My dad and his wife, as I've mentioned in other articles, live off the grid on the western boundary of Glacier National Park, Montana. Just last week there was a grizzly in their front yard, and that wasn't the first time, of course.
Years ago, she was taking her dog for a long walk. She went down their "driveway" and onto the main dirt road (a road to nowhere except 50 miles south to town). She proceeded to walk with her dog down the main road and got to the part of the road that is in dense forest. As you can probably guess, a grizzly bear came out of the woods AFTER they had walked by.
So now she has a big dilemma. She cannot go up or down, because this segment of road has a steep bluff down into the woods, and an impossible climb up a mountainside. She also cannot walk toward the bear, who is now between her and the walk back to her home. But you aren't supposed to retreat either. With no other options, she slowly retreated.
The bear followed them down the road. Her dog, getting older, fortunately did not seem to respond to the bear, which could have instigated real trouble. She and her dog just kept walking and walking. She knew, in about one half mile, she would reach possible safety at the forest service cabin.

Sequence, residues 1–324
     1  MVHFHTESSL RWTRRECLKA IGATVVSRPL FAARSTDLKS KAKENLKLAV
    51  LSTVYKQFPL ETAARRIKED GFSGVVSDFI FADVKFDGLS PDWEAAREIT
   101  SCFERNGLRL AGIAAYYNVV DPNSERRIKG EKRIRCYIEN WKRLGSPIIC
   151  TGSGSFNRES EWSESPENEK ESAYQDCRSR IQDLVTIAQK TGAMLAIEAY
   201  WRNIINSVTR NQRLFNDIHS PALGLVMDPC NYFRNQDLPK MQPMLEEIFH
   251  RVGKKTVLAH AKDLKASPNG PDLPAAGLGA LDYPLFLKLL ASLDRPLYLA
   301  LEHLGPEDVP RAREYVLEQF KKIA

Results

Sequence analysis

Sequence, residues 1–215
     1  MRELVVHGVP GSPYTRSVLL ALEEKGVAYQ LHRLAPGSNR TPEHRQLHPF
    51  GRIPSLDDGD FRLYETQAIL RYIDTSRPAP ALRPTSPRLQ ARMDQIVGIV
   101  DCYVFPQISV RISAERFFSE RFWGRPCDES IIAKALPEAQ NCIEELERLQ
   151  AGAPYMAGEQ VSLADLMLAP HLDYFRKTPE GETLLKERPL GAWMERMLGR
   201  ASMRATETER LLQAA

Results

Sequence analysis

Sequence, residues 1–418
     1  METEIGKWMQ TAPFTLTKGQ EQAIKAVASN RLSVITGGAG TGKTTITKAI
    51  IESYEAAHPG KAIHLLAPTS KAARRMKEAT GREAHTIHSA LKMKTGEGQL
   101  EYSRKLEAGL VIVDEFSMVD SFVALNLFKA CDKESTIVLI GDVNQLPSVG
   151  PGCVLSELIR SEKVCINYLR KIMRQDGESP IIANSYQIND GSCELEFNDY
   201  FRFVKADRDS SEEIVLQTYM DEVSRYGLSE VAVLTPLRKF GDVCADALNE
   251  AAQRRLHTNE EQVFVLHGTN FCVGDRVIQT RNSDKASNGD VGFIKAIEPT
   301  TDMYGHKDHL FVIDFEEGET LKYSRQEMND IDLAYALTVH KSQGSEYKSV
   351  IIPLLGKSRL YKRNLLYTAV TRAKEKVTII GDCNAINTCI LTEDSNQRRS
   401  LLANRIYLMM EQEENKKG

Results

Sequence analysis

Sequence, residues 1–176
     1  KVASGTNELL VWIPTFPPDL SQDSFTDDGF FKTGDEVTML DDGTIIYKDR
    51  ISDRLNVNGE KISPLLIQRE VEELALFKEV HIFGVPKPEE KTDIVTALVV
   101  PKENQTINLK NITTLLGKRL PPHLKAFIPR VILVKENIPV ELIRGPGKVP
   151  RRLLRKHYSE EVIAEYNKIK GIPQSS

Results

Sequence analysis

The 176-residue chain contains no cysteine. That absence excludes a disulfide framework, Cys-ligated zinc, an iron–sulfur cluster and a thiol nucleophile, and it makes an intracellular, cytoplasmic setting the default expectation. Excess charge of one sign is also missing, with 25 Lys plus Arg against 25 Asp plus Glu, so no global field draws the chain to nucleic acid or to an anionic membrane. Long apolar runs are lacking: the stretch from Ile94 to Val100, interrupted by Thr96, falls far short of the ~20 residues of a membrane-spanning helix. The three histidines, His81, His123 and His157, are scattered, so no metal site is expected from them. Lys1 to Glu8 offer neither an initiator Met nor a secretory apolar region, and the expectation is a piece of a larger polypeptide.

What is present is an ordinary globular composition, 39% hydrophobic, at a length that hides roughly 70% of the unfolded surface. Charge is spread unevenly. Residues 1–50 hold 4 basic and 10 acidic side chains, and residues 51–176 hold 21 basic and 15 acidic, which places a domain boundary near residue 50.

She made it there and immediately went inside the small outhouse, with her dog. As "luck" would have it, the grizzly decided this would be a great place to hang out and graze...for HOURS. Of course by now, my dad is getting worried and gets on the marine band radio to call for "neighbors" to help search for her. They come up empty handed...no one finds her.
Hours later, the bear finally goes away and my stepmom decides she must take the chance to get back home. She does make it home safely, where she ends up in bed for days from a serious migraine that hits, once home safe and sound.